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Violent and Non-Violent Criminal Behavior among Young Chinese Drug Users: A Mixed Methods Study

by 1,*, 2 and 1
School of Social and Behavioral Sciences, Nanjing University, No. 163, Xianlin Avenue, Qixia District, Nanjing 210023, China
Department of Applied Social Sciences, City University of Hong Kong, Tat Chee Avenue, Kowloon, Hong Kong, China
Author to whom correspondence should be addressed.
Int. J. Environ. Res. Public Health 2018, 15(3), 432;
Received: 30 January 2018 / Revised: 22 February 2018 / Accepted: 27 February 2018 / Published: 2 March 2018
(This article belongs to the Special Issue Youth Violence as a Public Health Issue)


Young drug users are found to be increasingly involved in criminal justice issues. This exploratory and descriptive study aims to analyze the criminal behaviors among young Chinese drug users through a mixed methods research design. Quantitative analysis indicates that young drug users with and without a history of criminality show significant differences in terms of several features. Male drug users, particularly, those who are older, with religious beliefs, and initiated into drug use at younger age were most likely to commit crimes. Among drug users with criminal experiences, those who committed crimes prior to drug initiation have a greater likelihood of committing violent crimes. Furthermore, young drug users with severe depression are more likely to commit crimes, especially violent ones. Qualitative analysis further illustrates that young male drug users often get involved in criminal conduct of the youth gang nature with propensity for engaging in violent crimes as compared to their female counterparts who are more likely to turn into drug dealers and traffickers, in addition to engaging in larceny. The research findings are consistent with developmental theories and “victim to offender cycle”. Integrated mental health and substance use services are suggested for crime prevention among young Chinese drug users.

1. Introduction

Research has established that drug use among young people has risen considerably in recent years [1,2,3,4], and China is no exception. Along with economic prosperity, Chinese society faces a rapidly growing population of drug users. Currently, drug use is regarded as one of the most pressing social problems in the country [5,6,7]. The registered drug users (individuals who have received, at least, one police citation for drug use) has grown substantially in a short period; from 2.1 million in 2012 [8] to 2.5 million by the end of 2016 [9]. Nearly 60% of the above-mentioned registered drug users were aged 35 or under in 2016 [9]. The statistics indicate not only that the number of drug users has surged dramatically in China, but also that young people represent a large proportion of the drug user population.
Substance abuse, which includes the use of drugs and alcohol, is a major public health problem around the globe [10]. According to the statistics of the World Health Organization (WHO), drug and alcohol use has an influence on 4% of deaths and accounts for 5.4% of the global burden of disease [11,12]. Research shows that long-term drug use can lead to serious health problems, especially significantly higher probability of mental disorders. Individuals who use heroin for long periods usually have poor mental and physical health [13], which manifest in such symptoms as anxiety, hepatitis, and tuberculosis [14]. Long-term methamphetamine use may result in dopamine reduction, which is associated with psychological disorders including depression, paranoia, psychosis, and mood problems [15,16].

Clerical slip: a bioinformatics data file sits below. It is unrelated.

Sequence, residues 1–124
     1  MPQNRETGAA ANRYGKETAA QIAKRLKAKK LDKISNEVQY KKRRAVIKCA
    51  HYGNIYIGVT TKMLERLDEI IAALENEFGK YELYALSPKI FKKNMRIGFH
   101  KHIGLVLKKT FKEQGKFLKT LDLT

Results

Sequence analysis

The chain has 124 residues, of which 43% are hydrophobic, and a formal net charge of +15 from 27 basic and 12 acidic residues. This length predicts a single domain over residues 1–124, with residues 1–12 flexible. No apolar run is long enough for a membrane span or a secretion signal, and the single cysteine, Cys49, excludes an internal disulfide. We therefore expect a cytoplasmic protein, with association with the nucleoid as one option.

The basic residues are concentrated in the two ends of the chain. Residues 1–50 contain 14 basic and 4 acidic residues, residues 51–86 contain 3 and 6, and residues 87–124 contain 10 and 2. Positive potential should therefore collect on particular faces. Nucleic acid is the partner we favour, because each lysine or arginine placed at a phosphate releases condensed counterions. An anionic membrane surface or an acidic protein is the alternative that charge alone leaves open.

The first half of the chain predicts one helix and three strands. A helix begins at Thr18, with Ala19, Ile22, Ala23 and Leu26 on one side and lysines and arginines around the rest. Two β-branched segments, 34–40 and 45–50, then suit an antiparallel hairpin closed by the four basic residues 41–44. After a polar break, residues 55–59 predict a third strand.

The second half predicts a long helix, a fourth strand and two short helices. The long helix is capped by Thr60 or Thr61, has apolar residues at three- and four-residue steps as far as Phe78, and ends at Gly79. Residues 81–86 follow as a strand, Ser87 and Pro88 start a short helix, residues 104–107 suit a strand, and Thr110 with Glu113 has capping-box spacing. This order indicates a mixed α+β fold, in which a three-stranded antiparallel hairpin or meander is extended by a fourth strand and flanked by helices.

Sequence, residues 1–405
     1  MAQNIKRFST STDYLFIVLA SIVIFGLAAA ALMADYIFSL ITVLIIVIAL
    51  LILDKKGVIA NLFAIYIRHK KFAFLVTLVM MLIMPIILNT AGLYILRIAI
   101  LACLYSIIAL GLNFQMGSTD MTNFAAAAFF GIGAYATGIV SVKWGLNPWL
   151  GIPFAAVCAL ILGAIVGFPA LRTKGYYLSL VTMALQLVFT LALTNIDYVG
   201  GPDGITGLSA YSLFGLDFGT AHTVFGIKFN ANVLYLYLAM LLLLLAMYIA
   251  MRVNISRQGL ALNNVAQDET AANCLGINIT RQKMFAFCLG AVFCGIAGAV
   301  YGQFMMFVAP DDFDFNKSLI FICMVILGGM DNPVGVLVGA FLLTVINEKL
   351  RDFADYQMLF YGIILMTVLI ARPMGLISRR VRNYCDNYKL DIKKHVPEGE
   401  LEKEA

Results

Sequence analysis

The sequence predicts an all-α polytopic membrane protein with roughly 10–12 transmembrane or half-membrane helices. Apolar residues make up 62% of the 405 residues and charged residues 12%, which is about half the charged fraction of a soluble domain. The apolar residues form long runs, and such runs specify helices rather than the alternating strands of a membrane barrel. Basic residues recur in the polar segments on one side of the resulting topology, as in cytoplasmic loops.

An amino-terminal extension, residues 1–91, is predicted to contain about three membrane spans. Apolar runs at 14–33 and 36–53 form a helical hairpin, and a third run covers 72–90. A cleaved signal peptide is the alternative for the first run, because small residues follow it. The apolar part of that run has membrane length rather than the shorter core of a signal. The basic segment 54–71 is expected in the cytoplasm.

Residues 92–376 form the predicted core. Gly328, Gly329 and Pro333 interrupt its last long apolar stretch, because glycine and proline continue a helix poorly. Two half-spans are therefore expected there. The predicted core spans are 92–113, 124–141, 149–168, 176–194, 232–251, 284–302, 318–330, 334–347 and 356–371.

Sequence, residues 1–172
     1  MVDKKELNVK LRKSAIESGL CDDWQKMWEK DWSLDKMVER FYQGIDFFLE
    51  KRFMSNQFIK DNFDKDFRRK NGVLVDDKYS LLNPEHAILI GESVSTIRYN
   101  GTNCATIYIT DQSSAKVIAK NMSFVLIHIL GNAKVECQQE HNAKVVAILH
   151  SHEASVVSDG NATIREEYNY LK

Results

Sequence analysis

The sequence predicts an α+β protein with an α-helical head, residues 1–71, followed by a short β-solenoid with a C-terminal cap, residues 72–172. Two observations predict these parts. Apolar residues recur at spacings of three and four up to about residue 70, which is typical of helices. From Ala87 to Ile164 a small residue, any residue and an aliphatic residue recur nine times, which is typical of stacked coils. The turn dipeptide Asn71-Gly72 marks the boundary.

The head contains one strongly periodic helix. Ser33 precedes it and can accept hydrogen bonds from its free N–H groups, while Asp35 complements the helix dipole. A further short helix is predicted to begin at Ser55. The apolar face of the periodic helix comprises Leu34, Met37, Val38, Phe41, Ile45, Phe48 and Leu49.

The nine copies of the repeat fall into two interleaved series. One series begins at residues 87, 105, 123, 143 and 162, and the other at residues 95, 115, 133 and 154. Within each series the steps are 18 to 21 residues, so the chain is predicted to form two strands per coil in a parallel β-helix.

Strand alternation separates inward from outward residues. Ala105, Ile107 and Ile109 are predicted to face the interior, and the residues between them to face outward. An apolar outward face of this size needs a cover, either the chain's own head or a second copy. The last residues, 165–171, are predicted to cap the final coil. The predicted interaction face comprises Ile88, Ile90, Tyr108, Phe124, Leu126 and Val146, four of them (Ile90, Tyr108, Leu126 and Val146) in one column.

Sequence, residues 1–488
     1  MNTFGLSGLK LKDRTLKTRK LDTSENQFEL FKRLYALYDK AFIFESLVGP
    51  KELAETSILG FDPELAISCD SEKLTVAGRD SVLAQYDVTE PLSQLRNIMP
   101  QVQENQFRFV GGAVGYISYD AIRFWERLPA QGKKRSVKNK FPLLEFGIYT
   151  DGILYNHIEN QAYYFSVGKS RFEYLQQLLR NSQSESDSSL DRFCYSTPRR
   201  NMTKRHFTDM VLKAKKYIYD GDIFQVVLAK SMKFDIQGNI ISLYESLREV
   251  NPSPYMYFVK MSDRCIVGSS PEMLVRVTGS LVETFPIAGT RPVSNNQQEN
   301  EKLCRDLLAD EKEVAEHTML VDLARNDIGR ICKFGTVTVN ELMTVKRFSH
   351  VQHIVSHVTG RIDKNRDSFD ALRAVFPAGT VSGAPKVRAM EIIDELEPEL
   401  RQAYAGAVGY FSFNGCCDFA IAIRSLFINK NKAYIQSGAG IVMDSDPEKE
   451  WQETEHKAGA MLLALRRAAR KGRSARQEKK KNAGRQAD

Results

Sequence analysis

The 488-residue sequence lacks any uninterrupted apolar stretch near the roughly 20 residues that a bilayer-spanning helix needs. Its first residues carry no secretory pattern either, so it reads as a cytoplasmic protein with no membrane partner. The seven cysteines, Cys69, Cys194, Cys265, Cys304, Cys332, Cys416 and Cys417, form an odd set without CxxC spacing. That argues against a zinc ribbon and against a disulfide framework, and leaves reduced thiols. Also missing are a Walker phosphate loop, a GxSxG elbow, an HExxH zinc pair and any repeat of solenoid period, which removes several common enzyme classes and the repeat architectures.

The link between drug use and criminal behavior has also received continuous attention from scholars and policymakers, producing a large volume of literature [17,18,19]. There is a general perception of a close relationship between violence and drug consumption [20,21]. For example, prior studies have indicated that the use of methamphetamine, a non-opiate synthetic drug, may increase the likelihood of its users engaging in criminal behaviors, including assault, kidnapping, reckless driving, robbery, and homicide [22,23]. Empirical data suggest a strong association between young people’s drug use and criminality, even when dealing in drug and trafficking are disregarded [24,25,26]. On the whole, young drug users have been found to be increasingly involved in criminal justice-related issues [27,28]. The high rate of young drug users participating in violent and non-violent criminal activities is particularly worrying, because such behaviors are also often accompanied by a lower life expectancy as well as a difficult transition into normal adulthood [29,30].
The rapid rise in the number of young Chinese drug users has outpaced research. There is still a lack of studies centering on young Chinese drug users’ involvement in violent and non-violent criminal behaviors as well as the possible mental health-related concerns of drug use. We are curious about whether there are differences in terms of demographic characteristics and backgrounds, drug use histories, as well as mental health status between young Chinese drug users with a history of criminality, especially, violent ones, and those without similar background. We also wish to understand the experiences and stories of young drug users’ participation in criminal behaviors. To fill this notable gap, this study aims at extending the literature by exploring the criminal behaviors among young Chinese drug users.